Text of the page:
Friday, 21 December 2007

Belgium’s death throes continue

Is this the beginning of the end of Belgium? The country’s protracted political crisis shows no sign of coming to an end and the country remains without a government, even though elections were held in June. The basic problem lies in the inability of Flemings and Walloons to agree on the division of powers within the country, and over recent years Flemish opinion has hardened against their Francophone compatriots and against the Belgian state generally. Now a small Flemish party, the New Flemish Alliance, has refused to join a coalition under the leadership of Yves Leterme, the (Flemish) Christian Democrat leader, because its leader, Bart De Wever, does not think that Leterme’s agreement on devolution of power to Belgium’s regions (i.e. to Flanders) goes far enough. Although Leterme campaigned and won on more power for Flanders, he has played this down as he seeks a Francophone coalition partner. The Walloons are generally hostile to any further decentralisation of power because they are big recipients of federal money. They fear that if the regions (i.e., in effect, Flanders) have fiscal autonomy, autonomy over corporate tax, employment policy and family policy, then the country will have, in effect, split into two.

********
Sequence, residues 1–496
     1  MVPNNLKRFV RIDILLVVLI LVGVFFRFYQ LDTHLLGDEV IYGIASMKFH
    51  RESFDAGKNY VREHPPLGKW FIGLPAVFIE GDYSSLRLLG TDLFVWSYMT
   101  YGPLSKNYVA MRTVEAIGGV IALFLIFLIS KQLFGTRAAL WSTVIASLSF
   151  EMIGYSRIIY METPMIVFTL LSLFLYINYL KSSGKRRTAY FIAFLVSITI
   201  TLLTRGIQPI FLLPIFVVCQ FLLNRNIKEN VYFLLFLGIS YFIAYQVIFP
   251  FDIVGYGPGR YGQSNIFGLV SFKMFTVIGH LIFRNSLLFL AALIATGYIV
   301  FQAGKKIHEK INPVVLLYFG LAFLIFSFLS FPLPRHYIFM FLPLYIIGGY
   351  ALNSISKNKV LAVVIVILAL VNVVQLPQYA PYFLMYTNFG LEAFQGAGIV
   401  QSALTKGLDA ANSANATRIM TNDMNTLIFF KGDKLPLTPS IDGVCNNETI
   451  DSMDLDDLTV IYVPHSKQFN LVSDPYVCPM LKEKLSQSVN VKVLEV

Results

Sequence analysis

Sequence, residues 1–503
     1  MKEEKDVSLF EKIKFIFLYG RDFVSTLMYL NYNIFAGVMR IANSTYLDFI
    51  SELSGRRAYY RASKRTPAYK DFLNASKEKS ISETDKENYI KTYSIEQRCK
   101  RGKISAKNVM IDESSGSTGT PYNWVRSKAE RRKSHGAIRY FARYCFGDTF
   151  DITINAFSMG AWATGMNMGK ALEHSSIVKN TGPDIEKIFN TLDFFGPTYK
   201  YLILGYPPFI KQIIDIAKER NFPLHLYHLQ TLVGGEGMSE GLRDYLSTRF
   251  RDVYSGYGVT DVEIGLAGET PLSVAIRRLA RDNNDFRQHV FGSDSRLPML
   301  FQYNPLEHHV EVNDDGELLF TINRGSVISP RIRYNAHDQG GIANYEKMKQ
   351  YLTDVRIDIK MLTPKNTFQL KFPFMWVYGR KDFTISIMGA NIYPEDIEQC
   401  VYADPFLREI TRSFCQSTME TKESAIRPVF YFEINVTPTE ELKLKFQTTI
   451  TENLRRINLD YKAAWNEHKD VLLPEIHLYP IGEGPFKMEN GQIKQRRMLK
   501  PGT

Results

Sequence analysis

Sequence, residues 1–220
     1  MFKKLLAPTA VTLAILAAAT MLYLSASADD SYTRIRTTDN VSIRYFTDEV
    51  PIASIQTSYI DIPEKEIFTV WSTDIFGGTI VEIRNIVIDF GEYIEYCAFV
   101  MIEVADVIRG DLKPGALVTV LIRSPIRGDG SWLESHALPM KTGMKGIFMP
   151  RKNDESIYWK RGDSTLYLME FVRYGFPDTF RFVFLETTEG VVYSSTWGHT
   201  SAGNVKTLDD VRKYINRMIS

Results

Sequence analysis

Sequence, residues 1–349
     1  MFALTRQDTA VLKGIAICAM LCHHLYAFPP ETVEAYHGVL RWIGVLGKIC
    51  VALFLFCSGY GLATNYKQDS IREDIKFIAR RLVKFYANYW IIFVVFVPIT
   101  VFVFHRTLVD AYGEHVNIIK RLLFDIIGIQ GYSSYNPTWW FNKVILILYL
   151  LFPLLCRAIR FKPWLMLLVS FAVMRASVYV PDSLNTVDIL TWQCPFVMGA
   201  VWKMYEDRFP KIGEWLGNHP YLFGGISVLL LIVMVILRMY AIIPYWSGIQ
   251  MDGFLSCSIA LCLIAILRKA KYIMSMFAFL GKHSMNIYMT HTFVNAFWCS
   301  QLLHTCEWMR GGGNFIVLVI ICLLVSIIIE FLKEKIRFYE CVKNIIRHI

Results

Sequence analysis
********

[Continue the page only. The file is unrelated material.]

The sticking point with the New Flemish Alliance is the social security budget, which the Flemings want to regionalise. This would put an immediate end to the massive gravy train which is the Belgian state and Wallonia would lose out heavily. Mr De Wever knows that Mr. Leterme cannot do without the five seats he has in the federal Parliament, and therefore he is being intransigent. He calculates that Leterme’s inability to deliver proves that, in fact, separation for Flanders is the only answer. [Jean-Pierre Stroobants, Le Monde, 28 November 2007] In the meantime, the caretaker Belgian government (composed of the same ministers who ran the previous government) has signed the EU Reform Treaty (the replacement for the defunct Constitution) even though the Belgian constitution forbids a caretaker government from signing any new international agreements while it is in office.

---- An excerpt from John Laughland's Intelligence Digest. For a free e-mail subscription to the Intelligence Digest, please click here ----

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